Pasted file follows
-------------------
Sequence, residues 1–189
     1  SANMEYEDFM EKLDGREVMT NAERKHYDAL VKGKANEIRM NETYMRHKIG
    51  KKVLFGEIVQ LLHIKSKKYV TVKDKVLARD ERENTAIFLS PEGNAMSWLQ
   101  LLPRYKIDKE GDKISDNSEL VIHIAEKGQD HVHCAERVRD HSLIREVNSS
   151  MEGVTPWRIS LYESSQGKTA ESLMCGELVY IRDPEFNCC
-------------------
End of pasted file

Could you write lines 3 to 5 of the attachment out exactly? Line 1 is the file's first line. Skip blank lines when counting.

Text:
    51  KKVLFGEIVQ LLHIKSKKYV TVKDKVLARD ERENTAIFLS PEGNAMSWLQ
   101  LLPRYKIDKE GDKISDNSEL VIHIAEKGQD HVHCAERVRD HSLIREVNSS
   151  MEGVTPWRIS LYESSQGKTA ESLMCGELVY IRDPEFNCC